Stevens Johnson Syndrome Medical Literature

 

Stevens-Johnson Syndrome Medical Literature

Treatment of severe drug reactions: Stevens-Johnson Syndrome ...
dermatology.cdlib.org

/DOJvol8num1/reviews/drugrxn/ghislain.html by MD Pierre-Dominique Ghislain - Related articles

Severe skin adverse drug reactions can result in death. Toxic epidermal necrolysis (TEN) has the highest mortality (30-35%); Stevens-Johnson syndrome and ...

 

Association of preoperative tear function with surgical outcome in severe Stevens-Johnson syndrome12 J Shimazaki, S Shimmura, H Fujishima… - Ophthalmology, 2000 - Elsevier ... Abstract.

Objective. To retrospectively study the surgical outcome in severe Stevens-Johnson syndrome (SJS). Design. ... Stevens-Johnson syndrome (SJS) is an acute mucocutaneous disease with an immunologic origin that is still not fully understood. ...

Comparison of reporting of Stevens-Johnson syndrome and toxic epidermal necrolysis in association with selective COX-2 inhibitors L La Grenade, L Lee, J Weaver, R Bonnel… - Drug …, 2005 - ingentaconnect.com

Background: Stevens-Johnson syndrome and toxic epidermal necrolysis are closely related severe acute life-threatening, drug-induced skin disorders. The US FDA Adverse Events Reporting System (AERS) has received reports of Stevens-Johnson syndrome and toxic ...

Journal of Postgraduate Medicine Medknow Publications and Staff Society of Seth GS Medical College and KEM Hospital, Mumbai, India

ISSN: 0022-3859 EISSN: 0972-2823 Vol. 57, No. 2, 2011, pp. 115-119

Drug-induced Stevens-Johnson syndrome (SJS), toxic epidermal necrolysis (TEN), and SJS-TEN overlap: A multicentric retrospective study Barvaliya, M.; Sanmukhani, J.; Patel, T.; Paliwal, N.; Shah, H. & Tripathi, C. Abstract Background : Stevens-Johnson syndrome (SJS) and toxic epidermal necrolysis (TEN) are rare immune-mediated severe cutaneous adverse reactions with incidence rate of 0.05 to 2 persons per million populations per year. Drugs are the most commonly implicated in 95% of cases.

Aims : To audit the causative drugs, clinical outcome, and cost of management in SJS, TEN, and SJS-TEN overlap. Setting and Design: Tertiary care hospitals-based multicentric retrospective study (case series).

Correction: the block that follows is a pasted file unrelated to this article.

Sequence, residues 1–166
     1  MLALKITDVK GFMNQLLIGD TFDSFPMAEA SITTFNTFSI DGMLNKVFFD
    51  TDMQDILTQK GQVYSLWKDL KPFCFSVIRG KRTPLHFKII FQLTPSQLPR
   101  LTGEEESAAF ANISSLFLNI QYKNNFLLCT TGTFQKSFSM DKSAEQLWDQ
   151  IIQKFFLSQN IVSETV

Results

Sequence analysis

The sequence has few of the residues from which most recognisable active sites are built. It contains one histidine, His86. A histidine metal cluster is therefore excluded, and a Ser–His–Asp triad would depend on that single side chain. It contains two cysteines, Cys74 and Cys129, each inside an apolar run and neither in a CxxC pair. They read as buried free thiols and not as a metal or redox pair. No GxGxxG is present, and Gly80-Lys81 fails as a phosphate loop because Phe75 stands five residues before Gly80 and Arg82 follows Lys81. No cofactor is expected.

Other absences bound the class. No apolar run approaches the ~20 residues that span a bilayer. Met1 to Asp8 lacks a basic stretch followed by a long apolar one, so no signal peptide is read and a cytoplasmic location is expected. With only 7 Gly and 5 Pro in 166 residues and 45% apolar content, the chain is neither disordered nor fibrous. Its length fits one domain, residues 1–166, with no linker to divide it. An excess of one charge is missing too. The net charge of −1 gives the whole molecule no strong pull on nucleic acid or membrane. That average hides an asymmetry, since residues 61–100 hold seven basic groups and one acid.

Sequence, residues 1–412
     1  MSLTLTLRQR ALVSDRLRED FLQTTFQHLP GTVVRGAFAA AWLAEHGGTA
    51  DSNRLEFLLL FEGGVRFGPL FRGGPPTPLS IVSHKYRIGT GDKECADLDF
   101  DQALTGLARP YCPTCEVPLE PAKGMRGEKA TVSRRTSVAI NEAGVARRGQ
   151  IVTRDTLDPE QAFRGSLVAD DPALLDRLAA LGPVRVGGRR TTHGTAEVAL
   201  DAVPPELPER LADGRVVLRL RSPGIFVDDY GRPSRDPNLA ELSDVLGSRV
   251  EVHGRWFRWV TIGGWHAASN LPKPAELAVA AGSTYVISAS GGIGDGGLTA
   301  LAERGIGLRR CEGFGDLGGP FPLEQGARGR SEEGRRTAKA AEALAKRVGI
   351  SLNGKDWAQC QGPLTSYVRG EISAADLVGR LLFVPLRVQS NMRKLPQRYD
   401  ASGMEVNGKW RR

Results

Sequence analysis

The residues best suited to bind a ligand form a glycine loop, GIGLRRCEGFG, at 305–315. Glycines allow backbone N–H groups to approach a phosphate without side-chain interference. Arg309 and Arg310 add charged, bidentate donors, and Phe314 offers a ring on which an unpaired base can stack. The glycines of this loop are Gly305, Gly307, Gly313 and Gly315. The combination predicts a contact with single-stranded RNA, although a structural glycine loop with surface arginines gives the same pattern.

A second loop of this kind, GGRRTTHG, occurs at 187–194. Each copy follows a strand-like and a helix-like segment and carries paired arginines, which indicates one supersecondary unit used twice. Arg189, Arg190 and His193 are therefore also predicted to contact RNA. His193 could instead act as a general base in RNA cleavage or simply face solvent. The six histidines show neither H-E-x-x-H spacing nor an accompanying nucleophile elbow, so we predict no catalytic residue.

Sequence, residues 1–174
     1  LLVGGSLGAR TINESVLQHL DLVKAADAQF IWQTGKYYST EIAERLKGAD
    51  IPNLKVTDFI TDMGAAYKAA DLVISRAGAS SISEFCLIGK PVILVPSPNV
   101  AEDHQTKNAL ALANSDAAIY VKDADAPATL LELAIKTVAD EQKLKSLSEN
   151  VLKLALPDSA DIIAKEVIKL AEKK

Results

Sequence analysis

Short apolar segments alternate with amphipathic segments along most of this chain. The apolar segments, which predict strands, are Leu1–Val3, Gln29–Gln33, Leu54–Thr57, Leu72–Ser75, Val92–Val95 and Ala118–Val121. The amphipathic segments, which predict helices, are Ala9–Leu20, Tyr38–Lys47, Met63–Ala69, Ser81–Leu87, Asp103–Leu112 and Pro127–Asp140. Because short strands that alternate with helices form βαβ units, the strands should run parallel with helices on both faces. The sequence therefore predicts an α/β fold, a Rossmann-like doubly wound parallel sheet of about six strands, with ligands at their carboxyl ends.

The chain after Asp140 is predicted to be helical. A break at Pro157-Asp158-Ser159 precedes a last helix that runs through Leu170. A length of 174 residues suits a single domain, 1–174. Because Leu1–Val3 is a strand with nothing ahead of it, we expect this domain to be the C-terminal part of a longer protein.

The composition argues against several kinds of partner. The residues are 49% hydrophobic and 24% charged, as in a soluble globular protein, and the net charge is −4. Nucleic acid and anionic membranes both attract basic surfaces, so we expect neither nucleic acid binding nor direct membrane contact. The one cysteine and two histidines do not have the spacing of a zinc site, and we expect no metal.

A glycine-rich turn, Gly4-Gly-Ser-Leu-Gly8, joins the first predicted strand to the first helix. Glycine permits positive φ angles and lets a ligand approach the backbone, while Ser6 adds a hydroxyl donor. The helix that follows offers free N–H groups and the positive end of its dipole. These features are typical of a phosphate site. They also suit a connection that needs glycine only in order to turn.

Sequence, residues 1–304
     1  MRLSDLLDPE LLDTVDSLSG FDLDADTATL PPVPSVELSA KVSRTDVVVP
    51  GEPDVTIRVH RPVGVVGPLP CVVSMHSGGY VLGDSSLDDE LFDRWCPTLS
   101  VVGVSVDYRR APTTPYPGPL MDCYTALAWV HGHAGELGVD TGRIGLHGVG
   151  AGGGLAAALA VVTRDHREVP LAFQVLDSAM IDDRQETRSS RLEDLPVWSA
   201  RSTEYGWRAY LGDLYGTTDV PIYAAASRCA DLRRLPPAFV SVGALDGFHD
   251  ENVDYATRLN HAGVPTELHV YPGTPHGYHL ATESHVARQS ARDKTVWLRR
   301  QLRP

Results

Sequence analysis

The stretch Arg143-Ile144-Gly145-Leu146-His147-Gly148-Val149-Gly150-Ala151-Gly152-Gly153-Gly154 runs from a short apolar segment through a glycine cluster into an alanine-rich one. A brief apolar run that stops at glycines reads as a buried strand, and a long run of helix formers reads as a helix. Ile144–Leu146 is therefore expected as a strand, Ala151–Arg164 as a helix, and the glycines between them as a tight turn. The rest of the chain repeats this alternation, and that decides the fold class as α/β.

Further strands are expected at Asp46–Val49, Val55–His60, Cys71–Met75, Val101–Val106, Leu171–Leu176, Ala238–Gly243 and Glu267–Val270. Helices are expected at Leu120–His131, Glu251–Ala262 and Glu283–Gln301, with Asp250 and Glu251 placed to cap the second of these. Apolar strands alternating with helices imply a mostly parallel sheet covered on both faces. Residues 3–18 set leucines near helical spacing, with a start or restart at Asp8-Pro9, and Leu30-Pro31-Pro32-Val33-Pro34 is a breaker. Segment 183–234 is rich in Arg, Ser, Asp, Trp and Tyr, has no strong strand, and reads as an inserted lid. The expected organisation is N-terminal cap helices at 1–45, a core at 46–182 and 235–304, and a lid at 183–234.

Materials and Methods : Indoor case papers of SJS, TEN, and SJS-TEN overlap admitted between January 2006 and December 2009 in four tertiary care hospitals of Gujarat were scrutinized. Data were collected for demographic information, causative drugs, investigations, treatment given, duration of hospital stay, time interval between onset of symptoms and drug intake, clinical outcome, and complications.

Data were analyzed to find out proportion of individual drugs responsible, major complications, and clinical outcome in SJS, TEN, and SJS-TEN overlap.

Total cost of management was calculated by using cost of drugs, investigations, and consumables used during entire hospital stay.

Statistical Analysis : One-way Analysis of Variance followed by Tukey-Kramer multiple comparison test was used for comparison of incubation period, duration of hospital stay, and cost of management.

Results : Antimicrobials (50%), nonsteroidal anti-inflammatory drugs (22.41%), and antiseizure drugs (18.96%) were the most commonly associated groups. Nevirapine (28.12%) was the most common drug. Antiseizure drugs were more often associated with serious form of adverse reaction (TEN: 81.8%) than other drugs.

Duration of hospital stay (20.6 vs 9.7 days) and cost of management (Rs 7 910/- vs Rs 2 460/-) were significantly higher in TEN than SJS (P=0.020 and P<0.001, respectively).

Time duration between drug intake and onset of symptoms (17.7 vs 27.5 days) was nonsignificantly lower in TEN as compared with SJS.

Secondary infection (28.12%) was the most common complication noted. Mortality rate was 15.6% among all cases; 9% in SJS and 26.7% in TEN.

Conclusion : Antimicrobial drugs are the most commonly implicated drugs and cost of managing these adverse drug reactions is higher than other serious ADRs.

 

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A 2-year-old girl with Stevens--Johnson syndrome/toxic epidermal necrolysis treated with intravenous immunoglobulin
Arca E, Kose O, Erbil AH, Nisanci M, Akar A, Gur AR.
Department of Dermatology, Gulhane Military Medical Academy, School of Medicine, Etlik, Ankara, Turkey. earca@gata.edu.tr

Toxic epidermal necrolysis and Stevens-Johnson syndrome are severe skin reactions, usually to drugs, associated with a widespread destruction of the epidermis. Widespread purpuric macules and epidermal detachment of less than 10% of the body surface is indicative of Stevens-Johnson syndrome, whereas epidermal detachment between 10% and 30% is called Stevens-Johnson-toxic epidermal necrolysis overlap.

High-dose intravenous immunoglobulins in the treatment of toxic epidermal necrolysis: an Asian series.
Tan AW, Thong BY, Yip LW, Chng HH, Ng SK.
National Skin Centre, Singapore.

Toxic epidermal necrolysis (TEN) is a severe, immune-mediated, mucocutaneous reaction resulting in extensive keratinocyte apoptosis. High-dose human intravenous immunoglobulins (IVIG) have been proposed as an effective treatment for TEN. Retrospective data from 8 patients with TEN and 4 patients with Stevens-Johnson syndrome-toxic epidermal necrolysis (SJS-TEN) overlap treated with high-dose IVIG were analysed.

Risk estimates for drugs suspected of being associated with Stevens-Johnson syndrome and toxic epidermal necrolysis: a case-control study.
Lin MS, Dai YS, Pwu RF, Chen YH, Chang NC.
Graduate Institute of Epidemiology, College of Public Health, National Taiwan University, Taipei, Taiwan.

The purpose of this case-control study is to estimate the risks of < or toxic epidermal necrolysis associated with the use of specific drugs. The suspected cases were identified from the computerized hospital discharge file. ..